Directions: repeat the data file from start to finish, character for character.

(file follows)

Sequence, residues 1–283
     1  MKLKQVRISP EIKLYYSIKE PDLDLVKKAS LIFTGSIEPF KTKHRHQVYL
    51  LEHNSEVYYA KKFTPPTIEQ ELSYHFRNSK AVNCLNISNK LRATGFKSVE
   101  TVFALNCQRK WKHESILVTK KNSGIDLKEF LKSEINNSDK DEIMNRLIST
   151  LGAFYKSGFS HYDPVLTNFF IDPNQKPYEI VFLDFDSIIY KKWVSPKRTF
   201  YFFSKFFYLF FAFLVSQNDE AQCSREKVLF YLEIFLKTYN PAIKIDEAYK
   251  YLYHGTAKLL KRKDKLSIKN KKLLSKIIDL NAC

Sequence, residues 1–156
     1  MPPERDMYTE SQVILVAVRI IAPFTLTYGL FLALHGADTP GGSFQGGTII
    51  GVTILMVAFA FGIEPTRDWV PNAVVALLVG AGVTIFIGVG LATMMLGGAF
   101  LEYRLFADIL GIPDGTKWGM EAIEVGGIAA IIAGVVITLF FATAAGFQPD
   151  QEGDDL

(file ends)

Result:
Sequence, residues 1–283
     1  MKLKQVRISP EIKLYYSIKE PDLDLVKKAS LIFTGSIEPF KTKHRHQVYL
    51  LEHNSEVYYA KKFTPPTIEQ ELSYHFRNSK AVNCLNISNK LRATGFKSVE
   101  TVFALNCQRK WKHESILVTK KNSGIDLKEF LKSEINNSDK DEIMNRLIST
   151  LGAFYKSGFS HYDPVLTNFF IDPNQKPYEI VFLDFDSIIY KKWVSPKRTF
   201  YFFSKFFYLF FAFLVSQNDE AQCSREKVLF YLEIFLKTYN PAIKIDEAYK
   251  YLYHGTAKLL KRKDKLSIKN KKLLSKIIDL NAC

Sequence, residues 1–156
     1  MPPERDMYTE SQVILVAVRI IAPFTLTYGL FLALHGADTP GGSFQGGTII
    51  GVTILMVAFA FGIEPTRDWV PNAVVALLVG AGVTIFIGVG LATMMLGGAF
   101  LEYRLFADIL GIPDGTKWGM EAIEVGGIAA IIAGVVITLF FATAAGFQPD
   151  QEGDDL